OMB Watch is out with a new article today that explores the risks posed by another anti-regulatory bill in the Senate, known as the Independent Agency Regulatory Analysis Act. Though the legislation would impact everything from the safety of children's toys to Americans' financial security, it may be fast-tracked to a committee vote later this month – without a hearing.
The article explains:
The Independent Agency Regulatory Analysis Act (S. 3468), introduced on Aug. 1 by Sens. Mark Warner (D-VA), Rob Portman (R-OH), and Susan Collins (R-ME), may appear to be just another item in the string of anti-regulatory legislation considered, but not enacted, by the 112th Congress. Unfortunately, because it boasts both Democratic and Republican co-sponsors, it appears to be heading straight to mark-up within the Senate's Homeland Security and Governmental Affairs Committee (HSGAC).
* * *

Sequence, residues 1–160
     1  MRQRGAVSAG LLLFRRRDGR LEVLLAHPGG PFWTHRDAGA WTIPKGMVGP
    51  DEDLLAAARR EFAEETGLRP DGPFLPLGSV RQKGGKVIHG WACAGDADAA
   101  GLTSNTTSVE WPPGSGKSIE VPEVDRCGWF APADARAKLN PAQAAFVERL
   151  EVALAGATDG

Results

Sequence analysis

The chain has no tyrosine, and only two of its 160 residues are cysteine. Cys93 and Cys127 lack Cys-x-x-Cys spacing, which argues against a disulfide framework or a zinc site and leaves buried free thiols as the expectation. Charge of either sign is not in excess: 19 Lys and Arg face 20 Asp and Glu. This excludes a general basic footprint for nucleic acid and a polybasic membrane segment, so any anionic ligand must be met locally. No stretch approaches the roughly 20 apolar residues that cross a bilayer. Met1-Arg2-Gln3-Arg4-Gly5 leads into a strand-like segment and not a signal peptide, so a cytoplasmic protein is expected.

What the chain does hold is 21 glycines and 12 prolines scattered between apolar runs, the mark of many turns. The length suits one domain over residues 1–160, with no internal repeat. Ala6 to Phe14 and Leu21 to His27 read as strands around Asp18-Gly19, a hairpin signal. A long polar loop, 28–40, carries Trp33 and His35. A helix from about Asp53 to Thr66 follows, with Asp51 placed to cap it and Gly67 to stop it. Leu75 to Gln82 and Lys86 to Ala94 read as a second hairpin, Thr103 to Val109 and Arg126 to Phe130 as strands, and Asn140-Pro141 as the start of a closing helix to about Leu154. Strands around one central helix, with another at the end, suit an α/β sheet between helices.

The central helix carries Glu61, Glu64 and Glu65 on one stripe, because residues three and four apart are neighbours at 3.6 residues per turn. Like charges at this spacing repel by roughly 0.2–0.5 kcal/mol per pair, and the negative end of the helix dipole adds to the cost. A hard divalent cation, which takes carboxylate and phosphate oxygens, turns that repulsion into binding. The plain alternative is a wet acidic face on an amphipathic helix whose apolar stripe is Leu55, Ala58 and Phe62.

Independent regulatory agencies implement a wide variety of statutes, each of which requires that the agency consider a variety of different factors before issuing rules. The Securities and Exchange Commission, for example, must determine whether its rules adequately protect investors, while the Consumer Product Safety Commission must weigh the costs of product safeguards against the risk that the public will be harmed by those products. Congress requires some agencies to complete cost-benefit analyses to justify rules, while other agencies are not required to do so. The Independent Agency Regulatory Analysis Act would override the unique priorities given to each independent agency in the legislation that created it, requiring instead that every independent agency focus first and foremost on the economic impact of its proposed rules.
* * *
Before taking such dramatic action to curtail the independence of agencies that previous Congresses deliberately established, HSGAC should hold a hearing to examine the full implications of this proposed legislation. What is potentially at stake is Congress’ ability to ensure ongoing enforcement in some key areas of law. Legislators need to carefully consider whether they want to give up this authority and whether this bill would undermine the ability of independent agencies to fulfill the missions for which they were created.
The full text of the article is available by clicking here.
UPDATE: The Senate Homeland Security and Governmental Affairs Committee has postponed a possible vote on this bill until mid-November.back to Blog